Raging winds and lessons learned

Author’s note: Post started on 11/12 and finished on 11/14…

The past few weeks have been a flurry of activity, book-ended by mornings that start long before the sun comes up and end hours after it’s already set (which here in the Pacific northwest is at about 4:30pm right now!) During these busy times, I’ve learned a few lessons that I’ve been reflecting on today, which happens to be not only a day when I’m stuck at home with bronchitis while a wind storm rages outside my door, but also my 36th birthday.

First, I’ve come to realize that I can’t escape my problems.  I knew this, in theory, but I had hoped that my reality could defy the old adage. My brother and his wife’s ceaseless pursuit of living a life of crime, to drain my parents of resources and mental health at every turn, and to willfully disregard anyone but themselves and their immediate wants continues and, even over two thousand miles away, I am unable to escape it.  I know now that the thought I’d had that I’d be able to put some distance between myself and the ridiculous strain and stress they’ve put on the family by moving so far away was misguided. Thanks to modern technology, there’s no escaping stupidity, unless we move even farther northwest and head into the wilderness of Alaska.  I firmly believe that cell and wifi signal is probably pretty weak in, oh, say… Whittier, Alaska?

Whittier, Alaska. Photo taken from here. Photographer Jen Kinney

Next, I don’t remember growing up.  I feel like I should have had to take a test or fill out a survey before the box next to my name was marked “adult.” I don’t remember asking to become the advice-giver or life coach for my family, but that’s where things are now. I don’t remember ever taking the steps into maturity that make me a functioning adult, yet here I am.  Now, don’t think that I’m wanting to return to my teenaged years even for a second.  I’d rather be forced to listen to Taylor Swift live than relive high school, but maybe a few years of my earlier childhood, like when I was seven or eight, wouldn’t be so bad to experience again. Riding my bike up and down the driveway. Collecting My Little Ponies. Enjoying all that 1980s television (and no cable) had to offer. Adulthood is kind of a joke sometimes. Trying to be the voice of reason is often hard, and now that I’m so far away, I think it’s even harder.

The third thing I’ve (re)learned is that social media will suck your soul out right through your eyes if you let it.  I spend far too much time reading the thoughts of celebs on Twitter, looking at pictures of micropigs in clothes on Instagram, ogling my favorite celebrities on Tumblr, and being preached at by self-righteous people on Facebook.  If I see one more post espousing supposed Christian values (I say supposed because my Jesus hates a lot less people than theirs supposedly does) while preaching hate against another segment of society, I will scream and punch my computer. I love WordPress (although I haven’t been on here much) and it’s the one site that doesn’t stress me out, so I’m limiting my experience to just this site for a while.  We’ll see if my blood pressure responds accordingly!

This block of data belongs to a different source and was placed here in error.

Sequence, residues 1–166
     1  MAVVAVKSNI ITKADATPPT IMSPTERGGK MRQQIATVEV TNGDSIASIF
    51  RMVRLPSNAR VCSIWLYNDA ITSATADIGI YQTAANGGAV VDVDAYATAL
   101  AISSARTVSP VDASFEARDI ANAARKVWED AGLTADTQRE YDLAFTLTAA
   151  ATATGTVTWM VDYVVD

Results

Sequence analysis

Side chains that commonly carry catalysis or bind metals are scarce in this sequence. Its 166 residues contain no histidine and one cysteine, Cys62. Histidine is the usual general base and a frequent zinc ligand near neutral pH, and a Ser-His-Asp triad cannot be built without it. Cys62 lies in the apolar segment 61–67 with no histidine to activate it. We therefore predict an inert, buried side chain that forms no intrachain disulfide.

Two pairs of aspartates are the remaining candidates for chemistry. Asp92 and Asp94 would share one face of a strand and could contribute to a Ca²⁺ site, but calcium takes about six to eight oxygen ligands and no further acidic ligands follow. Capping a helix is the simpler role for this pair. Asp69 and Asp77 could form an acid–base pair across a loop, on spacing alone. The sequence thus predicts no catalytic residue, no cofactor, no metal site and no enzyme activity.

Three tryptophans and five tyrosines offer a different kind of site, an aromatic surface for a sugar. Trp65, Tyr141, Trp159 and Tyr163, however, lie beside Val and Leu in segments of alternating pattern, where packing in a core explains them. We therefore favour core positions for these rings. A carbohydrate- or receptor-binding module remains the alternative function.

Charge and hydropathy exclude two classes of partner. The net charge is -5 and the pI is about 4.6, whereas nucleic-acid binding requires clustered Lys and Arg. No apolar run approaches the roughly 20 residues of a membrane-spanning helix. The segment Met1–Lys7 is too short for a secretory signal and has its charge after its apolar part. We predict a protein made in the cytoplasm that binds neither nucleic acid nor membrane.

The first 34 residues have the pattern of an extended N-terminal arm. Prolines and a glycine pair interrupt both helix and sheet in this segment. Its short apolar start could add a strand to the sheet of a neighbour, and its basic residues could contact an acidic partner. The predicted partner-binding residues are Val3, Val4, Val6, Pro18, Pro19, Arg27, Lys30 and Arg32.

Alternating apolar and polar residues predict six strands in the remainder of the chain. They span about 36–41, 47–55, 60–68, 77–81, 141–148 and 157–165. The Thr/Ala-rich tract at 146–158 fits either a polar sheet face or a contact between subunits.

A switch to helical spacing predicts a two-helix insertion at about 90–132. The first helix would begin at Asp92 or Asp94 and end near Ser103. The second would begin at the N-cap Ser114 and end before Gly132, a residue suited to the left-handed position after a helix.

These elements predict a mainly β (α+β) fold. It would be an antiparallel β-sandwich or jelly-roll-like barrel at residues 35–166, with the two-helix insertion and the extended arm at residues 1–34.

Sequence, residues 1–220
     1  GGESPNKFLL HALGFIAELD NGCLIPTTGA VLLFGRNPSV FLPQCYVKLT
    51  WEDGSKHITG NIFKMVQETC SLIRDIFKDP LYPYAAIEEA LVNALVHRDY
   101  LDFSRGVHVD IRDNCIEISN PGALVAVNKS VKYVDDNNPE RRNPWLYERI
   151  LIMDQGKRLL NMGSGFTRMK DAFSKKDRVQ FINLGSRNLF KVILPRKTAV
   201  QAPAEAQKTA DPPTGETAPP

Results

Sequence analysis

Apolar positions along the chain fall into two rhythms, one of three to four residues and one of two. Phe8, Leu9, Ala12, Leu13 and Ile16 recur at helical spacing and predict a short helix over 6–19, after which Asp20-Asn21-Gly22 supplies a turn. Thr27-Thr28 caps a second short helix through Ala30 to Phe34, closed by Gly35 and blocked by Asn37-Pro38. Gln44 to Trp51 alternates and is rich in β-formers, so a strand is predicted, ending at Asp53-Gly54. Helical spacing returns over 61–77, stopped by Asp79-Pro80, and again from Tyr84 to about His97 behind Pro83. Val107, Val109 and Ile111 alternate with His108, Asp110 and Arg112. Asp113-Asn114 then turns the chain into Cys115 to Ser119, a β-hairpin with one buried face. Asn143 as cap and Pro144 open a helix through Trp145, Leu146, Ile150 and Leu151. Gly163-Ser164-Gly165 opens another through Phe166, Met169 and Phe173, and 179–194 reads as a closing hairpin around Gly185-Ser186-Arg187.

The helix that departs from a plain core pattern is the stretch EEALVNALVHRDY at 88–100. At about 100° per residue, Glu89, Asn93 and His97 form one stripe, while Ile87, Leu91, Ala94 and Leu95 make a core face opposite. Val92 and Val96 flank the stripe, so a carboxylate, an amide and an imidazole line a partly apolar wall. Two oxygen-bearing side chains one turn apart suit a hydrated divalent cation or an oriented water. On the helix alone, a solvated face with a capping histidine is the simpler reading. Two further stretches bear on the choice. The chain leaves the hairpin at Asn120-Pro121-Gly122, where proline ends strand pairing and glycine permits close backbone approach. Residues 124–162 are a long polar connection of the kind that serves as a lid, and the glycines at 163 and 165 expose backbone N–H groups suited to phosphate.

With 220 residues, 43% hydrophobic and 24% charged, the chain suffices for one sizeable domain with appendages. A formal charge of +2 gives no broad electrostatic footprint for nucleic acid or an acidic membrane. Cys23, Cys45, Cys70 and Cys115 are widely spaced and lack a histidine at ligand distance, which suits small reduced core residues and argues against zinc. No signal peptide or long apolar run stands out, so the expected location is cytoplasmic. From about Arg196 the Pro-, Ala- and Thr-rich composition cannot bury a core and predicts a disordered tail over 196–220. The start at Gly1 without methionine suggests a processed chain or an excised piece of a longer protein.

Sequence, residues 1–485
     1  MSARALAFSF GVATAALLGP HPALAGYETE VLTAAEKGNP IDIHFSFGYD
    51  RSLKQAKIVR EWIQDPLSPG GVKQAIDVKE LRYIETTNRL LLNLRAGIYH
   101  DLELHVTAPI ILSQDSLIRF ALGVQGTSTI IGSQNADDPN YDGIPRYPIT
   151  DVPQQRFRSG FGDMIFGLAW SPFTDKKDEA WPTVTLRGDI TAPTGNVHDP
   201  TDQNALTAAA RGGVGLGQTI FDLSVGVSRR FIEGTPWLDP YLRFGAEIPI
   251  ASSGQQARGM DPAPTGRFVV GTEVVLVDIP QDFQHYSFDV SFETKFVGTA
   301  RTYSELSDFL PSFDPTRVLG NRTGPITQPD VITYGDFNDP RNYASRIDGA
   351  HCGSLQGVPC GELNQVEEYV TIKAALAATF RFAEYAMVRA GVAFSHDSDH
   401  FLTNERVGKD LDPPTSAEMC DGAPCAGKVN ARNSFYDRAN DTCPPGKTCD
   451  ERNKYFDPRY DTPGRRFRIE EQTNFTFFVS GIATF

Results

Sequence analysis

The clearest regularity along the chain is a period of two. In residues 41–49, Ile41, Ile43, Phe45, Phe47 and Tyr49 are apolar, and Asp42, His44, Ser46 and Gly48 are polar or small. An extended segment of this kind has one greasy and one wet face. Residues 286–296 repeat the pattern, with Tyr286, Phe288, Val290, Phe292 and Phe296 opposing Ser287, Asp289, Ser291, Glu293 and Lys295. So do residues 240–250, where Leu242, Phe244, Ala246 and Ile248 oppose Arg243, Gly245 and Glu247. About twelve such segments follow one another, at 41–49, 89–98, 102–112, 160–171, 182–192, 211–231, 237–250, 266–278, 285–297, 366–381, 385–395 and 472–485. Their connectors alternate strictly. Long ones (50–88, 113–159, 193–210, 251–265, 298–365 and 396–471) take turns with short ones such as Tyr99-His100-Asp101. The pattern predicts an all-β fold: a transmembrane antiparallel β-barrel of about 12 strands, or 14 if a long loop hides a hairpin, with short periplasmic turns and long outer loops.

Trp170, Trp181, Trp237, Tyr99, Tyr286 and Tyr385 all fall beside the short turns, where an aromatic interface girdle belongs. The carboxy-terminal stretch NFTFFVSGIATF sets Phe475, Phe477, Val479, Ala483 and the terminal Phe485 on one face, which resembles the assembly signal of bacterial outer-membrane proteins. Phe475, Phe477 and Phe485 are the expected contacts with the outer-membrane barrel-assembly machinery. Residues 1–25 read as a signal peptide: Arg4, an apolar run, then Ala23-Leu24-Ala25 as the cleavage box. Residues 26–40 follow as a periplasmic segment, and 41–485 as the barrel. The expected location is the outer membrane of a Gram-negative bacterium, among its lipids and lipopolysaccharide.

Finally, I’ve realized that it’s okay to let parts of my past go, even those parts that I cherish. I keep looking at different church websites to try to decide where we should go and I haven’t settled on much yet.  Tim has two requirements: sound preaching and nothing but hymns for music (no contemporary Christian music for him!) I find myself listening to different sermons from different churches and, inevitably, comparing them to the amazing pastors that helped change my life at St. Luke’s United Methodist Church in Indianapolis. I owe so much to them and I keep holding on to their style, their way of delivering a message, and then comparing it to everyone new I encounter, and I know that’s not okay. I know I can’t recreate those people in others and I firmly believe that I’ll never replace St. Luke’s, but I keep trying. I have to stop that.  Why do we hold on to things when we know that the inability to let them go will only cause us pain?

And this isn’t really anything profound, but why did nobody warn me about fall Pacific northwest windstorms?  Those things are incredible! Clear skies, sunny days, and howling winds. The sun glinting off Mount Rainier in the background while the trees are practically bent in half due to 70 mile per hour gales.  We lost electricity at 9pm on Tuesday and didn’t get it back until noon the next day. It was a long, dark night with only the sound of my wheezing to break up the silence!

Alas, it is Friday, and this weekend is filled with delicious omelettes that take 40 minutes to make at a fantastic restaurant in Maple Valley, and time with my husband and a friend. I’ll be on WordPress, but the rest of social media needs to just go away for a while!




2 thoughts on “Raging winds and lessons learned

  1. I love your honesty. God knows about your frustrations in finding a church. He cares too! I’m praying that He’ll lead you to just the right church. But keep in mind…no church is perfect because they are all made up of people!

    • You’re definitely right – no church is perfect. I’m not looking for perfection as much as just finding that place that feels right. I want to walk in and feel my soul go “ahhhhhhhh, this is it.”

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